Strengths and challenging behaviors in children and adolescents with Prader-Willi syndrome: Two sides to the coin

Jenny Downs, A. Marie Blackmore, Wai Chen, Gillian M. Nixon, Catherine S. Choong

Research output: Contribution to journalArticleResearchpeer-review


Prader-Willi Syndrome (PWS) is a rare genetic disorder associated with emotional/behavioral disturbances. These difficulties are well documented in the literature, but the positive attributes of these individuals are not described. Taking a strengths-based approach, the aim of this study was to describe the emotional/behavioral strengths and difficulties in children and young people with PWS from their parent caregivers' perspectives. Parent caregivers of 52 individuals with PWS aged 4–24 years (median = 12.1 years; including 22 males) completed the parent form of the Developmental Behavior Checklist (DBC-P), including its original two open-ended questions regarding positive traits. Prevalences of emotional/behavioral disturbances were comparable to those reported in previous literature: common behaviors of concern across studies being skin-picking (75%), impulsivity (69%), poor sense of danger (67%), lying (67%), and tantrums (54%). Total DBC-P scores showed that just over half (n = 28, 54%) had scores indicative of clinically significant behavior problems. However, thematic analysis of caregivers' written comments regarding their children's strengths resolved into three themes: warmth (94%), persistence (41%), and skills (41%). Warmth encompassed friendliness, happiness, and empathy. A strength-based approach to behavioral difficulties in PWS provides a more balanced view of the children and a more holistic foundation for interventions.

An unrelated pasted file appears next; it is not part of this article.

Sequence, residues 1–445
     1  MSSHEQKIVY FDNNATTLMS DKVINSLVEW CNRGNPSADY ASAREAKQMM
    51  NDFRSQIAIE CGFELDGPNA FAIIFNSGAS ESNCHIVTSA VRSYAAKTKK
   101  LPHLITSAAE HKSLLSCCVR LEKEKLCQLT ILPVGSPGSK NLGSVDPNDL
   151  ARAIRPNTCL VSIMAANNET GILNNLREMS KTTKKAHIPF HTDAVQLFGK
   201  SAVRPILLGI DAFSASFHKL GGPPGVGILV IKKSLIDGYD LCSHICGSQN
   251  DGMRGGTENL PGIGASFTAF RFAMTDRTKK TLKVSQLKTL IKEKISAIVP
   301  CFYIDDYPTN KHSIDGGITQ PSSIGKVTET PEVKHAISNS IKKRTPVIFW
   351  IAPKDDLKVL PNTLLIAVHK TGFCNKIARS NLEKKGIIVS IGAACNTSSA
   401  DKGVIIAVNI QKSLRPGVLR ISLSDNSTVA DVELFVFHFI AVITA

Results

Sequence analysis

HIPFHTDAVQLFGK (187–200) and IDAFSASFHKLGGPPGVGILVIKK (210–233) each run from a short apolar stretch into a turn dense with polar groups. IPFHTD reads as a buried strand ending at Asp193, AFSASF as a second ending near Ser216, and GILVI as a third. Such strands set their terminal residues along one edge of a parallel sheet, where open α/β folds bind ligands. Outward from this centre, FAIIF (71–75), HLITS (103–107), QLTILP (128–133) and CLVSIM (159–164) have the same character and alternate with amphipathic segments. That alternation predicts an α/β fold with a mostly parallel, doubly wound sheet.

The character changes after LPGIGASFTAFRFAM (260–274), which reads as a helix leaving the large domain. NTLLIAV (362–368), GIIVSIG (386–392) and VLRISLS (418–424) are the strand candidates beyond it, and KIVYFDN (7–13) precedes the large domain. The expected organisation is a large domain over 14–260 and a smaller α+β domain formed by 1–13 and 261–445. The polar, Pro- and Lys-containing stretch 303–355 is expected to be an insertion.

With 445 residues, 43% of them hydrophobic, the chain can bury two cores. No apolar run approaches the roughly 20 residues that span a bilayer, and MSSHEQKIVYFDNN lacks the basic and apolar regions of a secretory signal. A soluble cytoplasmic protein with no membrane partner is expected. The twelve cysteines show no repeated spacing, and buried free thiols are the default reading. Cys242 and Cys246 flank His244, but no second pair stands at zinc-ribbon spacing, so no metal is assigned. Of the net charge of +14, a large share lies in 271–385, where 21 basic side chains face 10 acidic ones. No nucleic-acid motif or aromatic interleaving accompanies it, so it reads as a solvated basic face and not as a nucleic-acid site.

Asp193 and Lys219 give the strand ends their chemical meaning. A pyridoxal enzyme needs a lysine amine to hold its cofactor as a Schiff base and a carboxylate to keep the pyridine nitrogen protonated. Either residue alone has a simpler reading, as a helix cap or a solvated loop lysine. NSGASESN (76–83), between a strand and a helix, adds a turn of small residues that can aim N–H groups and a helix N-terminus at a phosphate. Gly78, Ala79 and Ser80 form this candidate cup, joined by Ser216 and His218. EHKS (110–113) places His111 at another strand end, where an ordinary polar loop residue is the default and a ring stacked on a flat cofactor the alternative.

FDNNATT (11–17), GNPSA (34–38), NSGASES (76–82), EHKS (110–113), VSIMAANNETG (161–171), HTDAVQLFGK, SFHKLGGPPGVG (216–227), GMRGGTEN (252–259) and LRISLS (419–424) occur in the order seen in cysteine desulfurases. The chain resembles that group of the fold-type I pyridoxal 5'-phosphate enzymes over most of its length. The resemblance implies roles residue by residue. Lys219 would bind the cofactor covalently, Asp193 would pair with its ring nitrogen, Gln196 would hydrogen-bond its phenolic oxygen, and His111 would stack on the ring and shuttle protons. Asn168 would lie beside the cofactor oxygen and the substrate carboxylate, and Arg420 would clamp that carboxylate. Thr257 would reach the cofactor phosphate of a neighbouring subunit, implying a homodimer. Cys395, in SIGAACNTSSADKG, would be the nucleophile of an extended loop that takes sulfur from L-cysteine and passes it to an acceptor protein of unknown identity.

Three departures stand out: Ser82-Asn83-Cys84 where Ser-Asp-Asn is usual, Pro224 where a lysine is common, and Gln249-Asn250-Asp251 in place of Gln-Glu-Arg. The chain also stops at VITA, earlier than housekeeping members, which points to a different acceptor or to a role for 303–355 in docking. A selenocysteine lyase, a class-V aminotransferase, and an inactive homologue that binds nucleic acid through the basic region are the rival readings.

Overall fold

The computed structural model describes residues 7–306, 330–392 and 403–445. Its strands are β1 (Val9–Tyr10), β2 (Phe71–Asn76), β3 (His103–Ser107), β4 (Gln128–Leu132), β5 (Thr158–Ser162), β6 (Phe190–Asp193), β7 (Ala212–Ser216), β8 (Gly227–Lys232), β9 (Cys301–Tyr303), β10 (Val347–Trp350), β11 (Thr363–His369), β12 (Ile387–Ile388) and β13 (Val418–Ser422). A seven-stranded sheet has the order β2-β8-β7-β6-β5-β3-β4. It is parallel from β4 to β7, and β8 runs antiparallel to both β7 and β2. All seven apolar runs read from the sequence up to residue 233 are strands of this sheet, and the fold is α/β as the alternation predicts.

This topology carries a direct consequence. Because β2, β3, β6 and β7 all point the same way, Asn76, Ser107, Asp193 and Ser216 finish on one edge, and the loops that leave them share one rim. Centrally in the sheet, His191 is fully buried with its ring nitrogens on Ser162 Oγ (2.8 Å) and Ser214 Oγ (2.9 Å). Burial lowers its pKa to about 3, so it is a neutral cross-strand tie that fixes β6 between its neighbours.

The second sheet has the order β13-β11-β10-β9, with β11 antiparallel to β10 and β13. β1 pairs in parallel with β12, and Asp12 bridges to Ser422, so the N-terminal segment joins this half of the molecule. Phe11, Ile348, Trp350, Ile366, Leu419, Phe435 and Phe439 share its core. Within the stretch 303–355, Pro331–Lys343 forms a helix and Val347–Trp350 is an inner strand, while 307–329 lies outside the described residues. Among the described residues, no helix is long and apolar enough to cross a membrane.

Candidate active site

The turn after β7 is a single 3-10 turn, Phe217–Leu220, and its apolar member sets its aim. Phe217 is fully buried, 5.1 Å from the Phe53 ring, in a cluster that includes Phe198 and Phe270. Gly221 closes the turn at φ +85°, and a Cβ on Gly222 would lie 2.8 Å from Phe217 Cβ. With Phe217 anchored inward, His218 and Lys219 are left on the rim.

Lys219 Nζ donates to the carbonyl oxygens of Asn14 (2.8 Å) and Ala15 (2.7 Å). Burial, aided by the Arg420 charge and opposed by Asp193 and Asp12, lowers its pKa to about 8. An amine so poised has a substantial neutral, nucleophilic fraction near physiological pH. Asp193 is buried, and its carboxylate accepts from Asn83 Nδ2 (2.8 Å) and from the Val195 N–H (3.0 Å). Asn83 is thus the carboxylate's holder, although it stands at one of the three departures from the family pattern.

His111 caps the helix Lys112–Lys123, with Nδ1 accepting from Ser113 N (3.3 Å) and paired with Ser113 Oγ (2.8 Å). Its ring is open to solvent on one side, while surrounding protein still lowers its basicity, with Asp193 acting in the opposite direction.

Original languageEnglish
Pages (from-to)1488-1496
Number of pages9
JournalAmerican Journal of Medical Genetics, Part A
Issue number5
Publication statusPublished - May 2022
Externally publishedYes


  • behavior disturbance
  • Prader-Willi syndrome
  • strengths-based

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